Week 3: Biochemical Processes

living_cells

Image source

The biological cell is not the static, neat drawing you find in text books, but a dynamic, differentiated, three-dimensional, living unit with many specialised processes occurring simultaneously. You should already know the basic structure and function of the cell, including the main organelles. This animated video shows some of the inner life of a cell – can you identify the cell membrane, embedded proteins and ribosomes? Over the next fortnight you will need to better understand the following biochemical cellular processes:

Biology Q&A’s

Screen Shot 2016-02-08 at 10.43.16 AM

Image Source

This site is a great resource for VCE Biology students, allowing you to learn and review key concepts. The Biochemistry section has seven areas of study including:

If you are a Twitter user, you can follow BiologyQuestions for regular questions and links about Biology topics. This site has over 17 thousand followers from across the world, so you will be part of a global community!

Week 2: Proteins

Enzyme_mechanism_1

Image Source

Proteins are polypeptides or chains of peptides (amino acids) joined together by peptide bonds. These large organic molecules have four levels of structure –

  1. Primary – order of amino acids in the chain
  2. Secondary – alpha-helices, beta-pleats and random coils
  3. Tertiary – the folding of the chains due to the presence of disulphide bonds
  4. Quarternary – when two or more polypeptide chains are folded together in a complex molecule

Enzymes are a specific type of protein that play a critically important role in living organisms. The molecules in cells are constantly interacting – being broken down, built up or exchanged. These chemical reactions constitute an organism’s metabolism. An organism is regulated and the rate of it’s chemical activity is maintained by these special proteins, known as biological catalysts. Like all proteins, enzymes are made in the ribosomes by linking together specific amino acids in the cytoplasm, according to the DNA code. Each cell contains and needs a very large number of different enzymes, but not all cells produce all enzymes – it depends on the structure and function of the cell as to which genes are ‘switched on’.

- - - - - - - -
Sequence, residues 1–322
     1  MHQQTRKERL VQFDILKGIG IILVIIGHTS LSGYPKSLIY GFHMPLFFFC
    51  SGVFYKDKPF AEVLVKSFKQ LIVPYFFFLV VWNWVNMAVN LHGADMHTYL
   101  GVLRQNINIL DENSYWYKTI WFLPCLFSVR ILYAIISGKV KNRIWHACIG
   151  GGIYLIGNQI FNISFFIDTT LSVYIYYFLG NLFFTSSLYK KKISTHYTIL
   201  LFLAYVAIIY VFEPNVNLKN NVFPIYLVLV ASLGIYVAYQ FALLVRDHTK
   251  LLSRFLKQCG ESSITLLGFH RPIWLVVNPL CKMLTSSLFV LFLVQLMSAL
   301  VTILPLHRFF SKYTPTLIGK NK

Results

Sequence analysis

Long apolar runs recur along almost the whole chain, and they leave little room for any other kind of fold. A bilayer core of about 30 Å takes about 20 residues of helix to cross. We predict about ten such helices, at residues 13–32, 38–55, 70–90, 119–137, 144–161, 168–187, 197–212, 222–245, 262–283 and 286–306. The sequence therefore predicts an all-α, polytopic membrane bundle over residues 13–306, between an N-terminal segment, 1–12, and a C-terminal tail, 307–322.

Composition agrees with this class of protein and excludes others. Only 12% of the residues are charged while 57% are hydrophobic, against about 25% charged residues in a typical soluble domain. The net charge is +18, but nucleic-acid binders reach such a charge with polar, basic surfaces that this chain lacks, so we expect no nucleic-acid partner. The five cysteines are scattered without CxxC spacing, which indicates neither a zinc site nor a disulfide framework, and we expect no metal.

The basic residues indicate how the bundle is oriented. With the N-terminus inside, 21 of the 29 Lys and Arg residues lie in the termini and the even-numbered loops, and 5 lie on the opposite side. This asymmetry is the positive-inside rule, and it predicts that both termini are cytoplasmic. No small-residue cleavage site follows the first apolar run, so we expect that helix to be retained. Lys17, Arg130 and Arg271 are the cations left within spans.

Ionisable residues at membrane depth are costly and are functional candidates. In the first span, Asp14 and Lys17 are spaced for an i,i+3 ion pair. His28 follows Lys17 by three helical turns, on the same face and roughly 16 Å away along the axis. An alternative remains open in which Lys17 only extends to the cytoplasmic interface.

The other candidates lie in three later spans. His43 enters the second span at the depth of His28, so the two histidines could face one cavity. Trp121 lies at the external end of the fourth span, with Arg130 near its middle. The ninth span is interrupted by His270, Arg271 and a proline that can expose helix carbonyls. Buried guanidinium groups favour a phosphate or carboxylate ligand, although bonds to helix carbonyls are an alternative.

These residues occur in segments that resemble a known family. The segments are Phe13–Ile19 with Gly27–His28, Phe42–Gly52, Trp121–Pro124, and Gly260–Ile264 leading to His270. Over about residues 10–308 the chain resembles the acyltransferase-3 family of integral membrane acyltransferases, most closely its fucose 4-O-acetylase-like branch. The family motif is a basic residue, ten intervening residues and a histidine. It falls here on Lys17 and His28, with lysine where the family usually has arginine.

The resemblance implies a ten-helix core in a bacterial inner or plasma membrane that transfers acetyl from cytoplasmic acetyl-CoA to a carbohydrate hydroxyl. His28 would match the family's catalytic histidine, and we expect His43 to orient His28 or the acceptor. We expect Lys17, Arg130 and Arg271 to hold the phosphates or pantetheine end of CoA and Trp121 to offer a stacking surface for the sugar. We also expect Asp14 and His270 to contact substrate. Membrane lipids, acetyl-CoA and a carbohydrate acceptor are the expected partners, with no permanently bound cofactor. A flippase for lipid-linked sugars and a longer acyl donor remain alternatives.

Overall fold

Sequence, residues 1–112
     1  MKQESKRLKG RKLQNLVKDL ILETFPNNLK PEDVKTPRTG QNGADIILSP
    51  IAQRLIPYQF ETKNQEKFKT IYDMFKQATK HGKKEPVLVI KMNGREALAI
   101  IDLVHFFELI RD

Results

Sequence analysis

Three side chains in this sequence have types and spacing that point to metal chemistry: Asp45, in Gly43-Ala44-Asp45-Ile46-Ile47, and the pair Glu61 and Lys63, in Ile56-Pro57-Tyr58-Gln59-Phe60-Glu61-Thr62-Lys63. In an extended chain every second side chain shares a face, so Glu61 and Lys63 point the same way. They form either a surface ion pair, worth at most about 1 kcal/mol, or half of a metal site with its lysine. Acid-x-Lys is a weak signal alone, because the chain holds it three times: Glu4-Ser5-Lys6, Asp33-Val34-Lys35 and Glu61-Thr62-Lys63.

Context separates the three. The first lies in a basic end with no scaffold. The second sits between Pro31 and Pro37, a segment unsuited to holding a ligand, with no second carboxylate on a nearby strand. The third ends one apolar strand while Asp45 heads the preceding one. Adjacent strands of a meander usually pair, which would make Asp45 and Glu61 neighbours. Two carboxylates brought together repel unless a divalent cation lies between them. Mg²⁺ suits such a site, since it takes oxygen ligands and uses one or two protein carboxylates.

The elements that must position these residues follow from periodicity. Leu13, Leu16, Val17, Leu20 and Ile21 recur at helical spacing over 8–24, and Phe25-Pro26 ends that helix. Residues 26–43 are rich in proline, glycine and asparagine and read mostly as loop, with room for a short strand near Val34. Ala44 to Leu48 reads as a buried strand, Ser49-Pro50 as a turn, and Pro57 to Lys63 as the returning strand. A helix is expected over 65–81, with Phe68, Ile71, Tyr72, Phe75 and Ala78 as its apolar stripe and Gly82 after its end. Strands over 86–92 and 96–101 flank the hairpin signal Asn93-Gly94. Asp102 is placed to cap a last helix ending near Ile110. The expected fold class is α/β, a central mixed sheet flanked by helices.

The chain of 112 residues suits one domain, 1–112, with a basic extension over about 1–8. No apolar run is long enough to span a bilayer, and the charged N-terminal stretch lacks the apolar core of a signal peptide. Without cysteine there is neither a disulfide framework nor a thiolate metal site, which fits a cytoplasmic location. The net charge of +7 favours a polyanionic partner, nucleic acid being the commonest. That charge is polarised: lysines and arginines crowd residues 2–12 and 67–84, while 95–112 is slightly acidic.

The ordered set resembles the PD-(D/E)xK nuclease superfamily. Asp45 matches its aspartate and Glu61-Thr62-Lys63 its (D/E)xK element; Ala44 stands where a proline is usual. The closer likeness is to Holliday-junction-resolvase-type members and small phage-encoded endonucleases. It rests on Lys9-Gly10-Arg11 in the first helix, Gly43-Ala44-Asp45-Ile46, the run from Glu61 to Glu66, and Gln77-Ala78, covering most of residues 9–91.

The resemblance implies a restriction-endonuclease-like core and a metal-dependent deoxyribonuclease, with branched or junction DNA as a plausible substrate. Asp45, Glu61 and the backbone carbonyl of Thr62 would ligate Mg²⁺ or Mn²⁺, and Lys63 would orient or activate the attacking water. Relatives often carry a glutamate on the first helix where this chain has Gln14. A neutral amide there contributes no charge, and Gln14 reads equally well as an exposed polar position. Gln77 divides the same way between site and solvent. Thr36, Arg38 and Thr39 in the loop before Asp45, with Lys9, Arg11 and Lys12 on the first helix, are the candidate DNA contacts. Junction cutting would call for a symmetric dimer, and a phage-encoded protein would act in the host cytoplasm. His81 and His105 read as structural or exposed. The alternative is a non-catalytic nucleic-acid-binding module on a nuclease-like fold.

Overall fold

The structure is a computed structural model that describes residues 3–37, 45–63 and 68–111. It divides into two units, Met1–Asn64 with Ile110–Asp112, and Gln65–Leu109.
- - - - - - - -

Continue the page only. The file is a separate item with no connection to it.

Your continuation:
• Enzymes are proteins and are therefore made up of amino acids (containing carbon, hydrogen, oxygen and nitrogen)
  • Enzymes are ‘biological catalysts’ because they speed up the rate of a chemical reaction
  • Enzymes remain unchanged at the end of the reaction (not used up)
  • Enzymes are only required in small amounts
  • Enzymes are highly specific (one enzyme catalyses one type of reaction)
  • Enzymes work best under optimum conditions of temperature and acidity
  • Enzymes are ‘denatured’ (destroyed) by heat and sensitive to pH
  • Enzymes work like a key fits into a lock – their shape complements the shape of the substrate materials.
  • The ‘active site’ of a particular enzyme has a specific shape into which only one kind of substrate will fit
  • Enzymes may need ‘co-enzymes’ (specific vitamins) or ‘co-factors’  (minerals) to help functioning

Week 1: Biomacromolecules

biological_molecules copy

Image source

During our “step-up” program we studied the four different types of biological macromolecules, known as:

  • Carbohydrates (or saccharides) made up of glucose monomers
  • Lipids made up of fatty acids and glycerol
  • Proteins (or polypeptides) made up of amino acids
  • Nucleic acids (DNA and RNA) made up of nucleic acids

We investigated how these molecules are built up through condensation reactions, in which water is released. Hydrolysis reactions occur when these molecules are broken down with the addition of water.

Exam Revision

Welcome back and thanks for your patience while I have been on study leave. There are only two weeks left before the Unit 3/4 Biology exam on Friday 30th October, so you should have already done the following:

  1. Written out a clear and concise set of study notes, outlining the main concepts in each Area of Study.
  2. Completed practice exams (available at the VCAA website) and identified areas where you need to do further revision.
  3. Joined the Elevate Education #elevatebio Video Series at http://bio.elevateeducation.com/
  4. You may also like to join the Study.com site for a five-day free trial and access their Immunology resources.

Some students have mentioned that they are having most difficulty remembering the cells involved and sequence of events of the cell cycle and immunology. These quick videos and other resources may assist with your revision:

Chapter 8 – Immunology

Immunity